SUSANNA: What was your experience of the illustration process like?
ANNE: The illustration process was both fun and challenging.
The dummy I submitted was 32 pages (This is standard for the industry). My editor expanded it to a 40 page book, which gave us more room to explore the various themes in the story. It did mean I had to create more art.
I worked with an incredible designer whose attention to detail really allowed Blob to pop off the page. I decided to use a limited palette for the book, so when I got to final art, I had to make some tricky decisions in order to make that work. (There are only four colors in the book plus black and white. I do use the colors transparently on some pages, which creates more colors as they overlap.)
I drew the work digitally which meant I kept my fingers crossed that the colors would print the way I hoped. Printers vary, so it’s hard to be 100% sure. When I saw the F&Gs, I was very happy with the color. My favorite surprise was the spot gloss on the front cover! (Notice the way the painted L, e, and glasses shine)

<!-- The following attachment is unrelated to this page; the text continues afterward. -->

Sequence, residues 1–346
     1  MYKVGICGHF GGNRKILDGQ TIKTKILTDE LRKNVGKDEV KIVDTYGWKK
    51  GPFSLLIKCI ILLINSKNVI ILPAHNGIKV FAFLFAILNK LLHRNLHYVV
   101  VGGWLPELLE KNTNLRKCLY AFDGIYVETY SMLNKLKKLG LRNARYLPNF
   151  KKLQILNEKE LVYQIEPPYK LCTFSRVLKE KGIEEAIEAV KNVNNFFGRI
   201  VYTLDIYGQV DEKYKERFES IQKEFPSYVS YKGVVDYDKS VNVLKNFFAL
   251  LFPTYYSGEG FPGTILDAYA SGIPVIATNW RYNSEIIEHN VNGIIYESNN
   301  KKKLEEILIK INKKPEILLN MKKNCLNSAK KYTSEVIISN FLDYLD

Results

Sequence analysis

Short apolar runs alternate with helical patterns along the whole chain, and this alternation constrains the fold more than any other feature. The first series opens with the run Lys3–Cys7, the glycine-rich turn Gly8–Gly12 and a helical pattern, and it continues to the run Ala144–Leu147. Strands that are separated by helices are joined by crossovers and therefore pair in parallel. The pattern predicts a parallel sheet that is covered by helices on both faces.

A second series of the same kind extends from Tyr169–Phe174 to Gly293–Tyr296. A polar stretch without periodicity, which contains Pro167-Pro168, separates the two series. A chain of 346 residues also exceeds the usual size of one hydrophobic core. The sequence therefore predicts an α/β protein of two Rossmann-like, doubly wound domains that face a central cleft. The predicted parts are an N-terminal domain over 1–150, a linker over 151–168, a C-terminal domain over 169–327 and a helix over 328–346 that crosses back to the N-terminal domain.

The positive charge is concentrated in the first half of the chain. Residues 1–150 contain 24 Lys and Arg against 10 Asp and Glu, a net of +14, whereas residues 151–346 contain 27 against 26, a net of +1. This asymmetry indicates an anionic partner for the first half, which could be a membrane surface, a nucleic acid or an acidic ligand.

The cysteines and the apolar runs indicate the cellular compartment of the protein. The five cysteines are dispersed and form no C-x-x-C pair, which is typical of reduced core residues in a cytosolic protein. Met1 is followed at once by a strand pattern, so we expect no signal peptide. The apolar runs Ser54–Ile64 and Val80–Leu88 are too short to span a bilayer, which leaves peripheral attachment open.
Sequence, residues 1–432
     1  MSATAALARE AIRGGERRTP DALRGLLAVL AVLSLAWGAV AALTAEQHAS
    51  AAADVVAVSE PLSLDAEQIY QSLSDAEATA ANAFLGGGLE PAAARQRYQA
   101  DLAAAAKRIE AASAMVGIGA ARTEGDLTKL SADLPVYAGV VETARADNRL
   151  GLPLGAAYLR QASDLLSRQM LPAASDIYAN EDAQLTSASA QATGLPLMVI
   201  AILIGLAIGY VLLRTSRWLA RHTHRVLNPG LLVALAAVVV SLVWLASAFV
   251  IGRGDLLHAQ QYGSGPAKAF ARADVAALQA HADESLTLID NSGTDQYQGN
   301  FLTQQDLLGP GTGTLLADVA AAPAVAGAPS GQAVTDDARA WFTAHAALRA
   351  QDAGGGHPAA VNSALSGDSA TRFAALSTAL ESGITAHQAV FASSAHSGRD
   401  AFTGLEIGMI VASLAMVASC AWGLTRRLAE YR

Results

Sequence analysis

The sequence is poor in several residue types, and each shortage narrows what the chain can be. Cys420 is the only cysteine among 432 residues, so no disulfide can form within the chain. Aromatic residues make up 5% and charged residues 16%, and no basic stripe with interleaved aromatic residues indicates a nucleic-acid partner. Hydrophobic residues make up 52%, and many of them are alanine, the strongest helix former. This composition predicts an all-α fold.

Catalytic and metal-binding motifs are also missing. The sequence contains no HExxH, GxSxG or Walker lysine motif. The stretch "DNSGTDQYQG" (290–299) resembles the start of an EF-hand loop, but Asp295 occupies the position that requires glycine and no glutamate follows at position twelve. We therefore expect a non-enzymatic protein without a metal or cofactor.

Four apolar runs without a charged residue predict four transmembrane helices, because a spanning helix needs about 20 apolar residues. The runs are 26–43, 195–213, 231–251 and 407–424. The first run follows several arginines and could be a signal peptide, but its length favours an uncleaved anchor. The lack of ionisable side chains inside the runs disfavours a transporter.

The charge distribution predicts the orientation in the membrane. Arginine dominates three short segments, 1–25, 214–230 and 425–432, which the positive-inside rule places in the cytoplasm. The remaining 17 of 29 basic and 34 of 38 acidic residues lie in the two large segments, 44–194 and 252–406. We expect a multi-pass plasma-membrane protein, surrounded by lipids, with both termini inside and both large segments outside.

SUSANNA: Did you get to see advance reviews from Kirkus, SLJ, etc? What was that like?
ANNE: I was very nervous about what Kirkus was going to say which made it a huge relief when they gave BLOB a good review. I also got a review from the Bulletin of the Center for Children’s Books. Both likened Blob’s looks to sweets, which I found amusing. I didn’t get my SLJ review until after the book publication date. It was a good one as well, but a little less scary since I already saw how readers were responding to BLOB.
SUSANNA: How long did it take from offer to having the first copy in your hand?
ANNE: I received the offer in November/December of 2019 and got my copies in August 2021. That was a surreal moment!
SUSANNA: What kind of marketing and promotion has your publisher done for this book?
ANNE: HarperCollins promoted it on their social media accounts on publication day. They also did an influencer outreach campaign where they sent the book to different book influencers to review. I believe they also did outreach to educators and librarians. I’m sure there is more behind the scenes then I realize!
SUSANNA: Describe any marketing/promotion you did for this book.